E-Library ‘71 – recent additions – (September 2010, week 2)

Librarians’ Note: This E-Library is maintained by the International Crimes Strategy Forum (ICSF), a strategic coalition of activists and organisations sharing the common goal of assisting the prosecution of war criminals of Bangladesh 1971. Only the members registered to E-Library site will enjoy FULL-TEXT download-access to the entries. It is advised that you open your free-account today by clicking the Registration link. To be able to download full-text of the items stored on this library, or to add new items, you will need additional user-rights which can be requested from the Library-Admin at the Feedback-Address. You are also welcome to suggest new records to the library database. We hope the resources made available on this site will facilitate serious research of high standard on issues relating to the Liberation War of Bangladesh and the prosecution of war criminals.


Blumenthal, David A and McCormac, Timothy L H, ed. The Legacy of Nuremberg: Civilising Influence or Institutionalised Vengeance? International Humanitarian Law Series, 20. Leiden, The Netherlands: Martinus Nijhoff Publishers, 2008.

Abstract: The volume consists of a series of diverse and insightful papers, each of which deals with a different aspect of the legacy of Nuremberg, written from the unique perspective of its particular author. Some papers constitute academic critiques, examining and assessing in detail a specific aspect of the legacy of Nuremberg in light of the current state of knowledge in the field of transitional and criminal justice. Other papers are written from a practitioner’s perspective with a more discursive style, exploring aspects of Nuremberg from a more direct and personal experience with its legacy. The volume is divided into five separate parts each focusing on a different aspects of trials:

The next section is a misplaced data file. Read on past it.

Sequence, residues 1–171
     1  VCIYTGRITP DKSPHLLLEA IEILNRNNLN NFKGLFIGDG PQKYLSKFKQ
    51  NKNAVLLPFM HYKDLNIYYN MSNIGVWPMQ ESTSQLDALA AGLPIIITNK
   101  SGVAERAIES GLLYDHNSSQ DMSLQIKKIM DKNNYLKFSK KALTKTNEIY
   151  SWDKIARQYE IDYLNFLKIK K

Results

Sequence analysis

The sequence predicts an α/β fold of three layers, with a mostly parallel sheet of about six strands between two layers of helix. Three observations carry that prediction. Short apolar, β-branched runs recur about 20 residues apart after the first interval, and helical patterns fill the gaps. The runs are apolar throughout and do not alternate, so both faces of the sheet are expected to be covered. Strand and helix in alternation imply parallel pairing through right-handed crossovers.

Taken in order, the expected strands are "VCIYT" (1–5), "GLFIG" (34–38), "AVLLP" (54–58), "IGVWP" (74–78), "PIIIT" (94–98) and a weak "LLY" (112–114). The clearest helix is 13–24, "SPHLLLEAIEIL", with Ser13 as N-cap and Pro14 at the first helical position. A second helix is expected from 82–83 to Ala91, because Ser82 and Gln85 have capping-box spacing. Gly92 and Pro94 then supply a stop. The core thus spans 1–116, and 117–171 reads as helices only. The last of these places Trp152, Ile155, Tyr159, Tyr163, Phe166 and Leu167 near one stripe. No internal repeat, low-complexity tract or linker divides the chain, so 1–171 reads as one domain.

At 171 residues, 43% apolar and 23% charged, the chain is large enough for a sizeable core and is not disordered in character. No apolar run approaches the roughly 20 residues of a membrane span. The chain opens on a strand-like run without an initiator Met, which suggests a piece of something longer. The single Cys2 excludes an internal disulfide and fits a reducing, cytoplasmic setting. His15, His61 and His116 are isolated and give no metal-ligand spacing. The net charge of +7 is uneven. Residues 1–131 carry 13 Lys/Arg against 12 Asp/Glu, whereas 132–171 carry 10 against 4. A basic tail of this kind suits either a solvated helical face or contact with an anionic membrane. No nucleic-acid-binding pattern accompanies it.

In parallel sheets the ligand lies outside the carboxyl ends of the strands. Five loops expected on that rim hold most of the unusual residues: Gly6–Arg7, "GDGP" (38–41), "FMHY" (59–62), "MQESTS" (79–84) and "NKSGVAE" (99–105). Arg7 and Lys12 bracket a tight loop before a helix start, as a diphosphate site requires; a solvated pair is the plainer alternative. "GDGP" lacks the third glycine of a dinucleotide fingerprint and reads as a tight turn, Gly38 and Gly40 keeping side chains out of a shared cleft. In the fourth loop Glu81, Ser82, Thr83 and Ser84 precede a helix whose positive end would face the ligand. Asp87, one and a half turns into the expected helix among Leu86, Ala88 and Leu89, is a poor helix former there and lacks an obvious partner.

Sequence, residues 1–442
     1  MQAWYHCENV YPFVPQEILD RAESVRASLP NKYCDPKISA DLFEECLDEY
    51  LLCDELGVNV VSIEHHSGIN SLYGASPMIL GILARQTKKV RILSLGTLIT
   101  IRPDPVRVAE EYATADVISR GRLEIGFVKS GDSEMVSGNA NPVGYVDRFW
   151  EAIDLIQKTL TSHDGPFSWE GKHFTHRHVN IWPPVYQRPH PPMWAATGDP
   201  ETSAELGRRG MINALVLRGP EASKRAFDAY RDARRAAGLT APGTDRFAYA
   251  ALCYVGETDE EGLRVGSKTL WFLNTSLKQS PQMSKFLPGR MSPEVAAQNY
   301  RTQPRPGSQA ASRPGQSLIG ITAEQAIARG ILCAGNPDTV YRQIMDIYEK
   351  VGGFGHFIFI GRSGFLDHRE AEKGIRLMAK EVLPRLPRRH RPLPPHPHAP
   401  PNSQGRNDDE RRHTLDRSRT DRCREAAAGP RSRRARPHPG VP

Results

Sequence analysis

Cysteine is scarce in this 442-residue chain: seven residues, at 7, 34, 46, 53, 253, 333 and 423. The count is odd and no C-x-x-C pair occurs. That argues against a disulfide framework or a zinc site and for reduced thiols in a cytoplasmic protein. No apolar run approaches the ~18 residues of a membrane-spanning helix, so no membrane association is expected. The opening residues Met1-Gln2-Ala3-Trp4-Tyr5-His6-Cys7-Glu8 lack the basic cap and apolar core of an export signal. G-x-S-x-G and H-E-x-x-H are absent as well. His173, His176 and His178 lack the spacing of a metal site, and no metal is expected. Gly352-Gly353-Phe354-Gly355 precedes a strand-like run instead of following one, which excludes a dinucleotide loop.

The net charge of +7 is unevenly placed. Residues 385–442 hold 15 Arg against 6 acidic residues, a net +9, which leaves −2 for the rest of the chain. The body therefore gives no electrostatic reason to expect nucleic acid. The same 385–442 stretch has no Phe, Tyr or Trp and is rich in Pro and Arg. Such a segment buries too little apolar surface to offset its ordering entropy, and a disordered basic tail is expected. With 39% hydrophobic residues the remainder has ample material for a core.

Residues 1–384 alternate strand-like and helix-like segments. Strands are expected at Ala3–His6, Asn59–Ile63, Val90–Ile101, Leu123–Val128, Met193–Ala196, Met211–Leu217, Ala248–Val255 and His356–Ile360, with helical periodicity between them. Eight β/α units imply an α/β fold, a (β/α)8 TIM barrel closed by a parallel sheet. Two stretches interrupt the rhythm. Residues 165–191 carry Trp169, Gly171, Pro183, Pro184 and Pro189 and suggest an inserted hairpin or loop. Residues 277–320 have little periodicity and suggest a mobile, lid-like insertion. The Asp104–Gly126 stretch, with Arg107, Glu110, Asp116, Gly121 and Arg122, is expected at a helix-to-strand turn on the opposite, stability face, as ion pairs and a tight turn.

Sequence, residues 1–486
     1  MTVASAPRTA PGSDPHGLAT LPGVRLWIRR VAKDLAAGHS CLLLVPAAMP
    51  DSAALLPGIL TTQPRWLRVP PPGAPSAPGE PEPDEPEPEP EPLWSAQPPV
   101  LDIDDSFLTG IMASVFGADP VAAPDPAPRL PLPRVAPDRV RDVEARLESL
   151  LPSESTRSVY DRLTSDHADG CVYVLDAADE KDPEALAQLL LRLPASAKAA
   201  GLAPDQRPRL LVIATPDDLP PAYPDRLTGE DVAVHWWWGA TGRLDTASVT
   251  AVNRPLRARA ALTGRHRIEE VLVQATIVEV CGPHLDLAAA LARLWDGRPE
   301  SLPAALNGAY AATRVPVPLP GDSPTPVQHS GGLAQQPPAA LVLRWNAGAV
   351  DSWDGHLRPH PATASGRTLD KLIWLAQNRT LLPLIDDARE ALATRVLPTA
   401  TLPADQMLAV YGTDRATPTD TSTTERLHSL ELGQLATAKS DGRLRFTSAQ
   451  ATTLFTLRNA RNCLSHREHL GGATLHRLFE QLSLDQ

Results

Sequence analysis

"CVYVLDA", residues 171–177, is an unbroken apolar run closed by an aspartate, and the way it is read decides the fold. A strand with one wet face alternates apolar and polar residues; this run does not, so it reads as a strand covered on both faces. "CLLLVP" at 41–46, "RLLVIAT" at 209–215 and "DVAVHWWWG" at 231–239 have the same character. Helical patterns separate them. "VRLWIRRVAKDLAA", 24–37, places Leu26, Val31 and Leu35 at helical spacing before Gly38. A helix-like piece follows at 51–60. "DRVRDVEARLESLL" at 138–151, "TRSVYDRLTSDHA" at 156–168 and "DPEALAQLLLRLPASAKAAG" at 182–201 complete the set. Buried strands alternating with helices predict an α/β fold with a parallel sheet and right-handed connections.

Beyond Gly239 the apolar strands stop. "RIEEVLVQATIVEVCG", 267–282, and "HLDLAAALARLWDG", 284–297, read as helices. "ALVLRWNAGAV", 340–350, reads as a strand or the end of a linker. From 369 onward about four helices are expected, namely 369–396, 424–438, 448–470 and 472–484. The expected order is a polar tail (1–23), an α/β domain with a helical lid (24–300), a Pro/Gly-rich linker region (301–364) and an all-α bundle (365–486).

– The first part of the volume has two ground-breaking contributions focussed primarily upon little-known aspects of the historical context of the Nuremberg Trial.

– The second part of the volume includes three essays which all argue for the fundamental importance of criminal responsibility for egregious international crimes.

– The third part of the volume includes two essays on selected aspects of the influence of the jurisprudence in the Trial on the subsequent development of the substantive law

– The proliferation of new ‘justice’ institutions to assist the transition of societies from extended violence to more peaceful existence is a common theme throughout many of the contributions to the volume. In the fourth part of the book three essays focus in more detail on selected aspects of this theme.
– The final part of the book has an Australian national focus on the implementation of international criminal law. After all, if the legacy of Nuremberg is as pervasive as the contributions in the volume suggest, then evidence should be palpable even in the Antipodes

Ntoubandi, Faustin Z. Amnesty for Crimes Against Humanity under International Law. Leiden, The Netherlands: Martinus Nijhoff Publishers, 2007.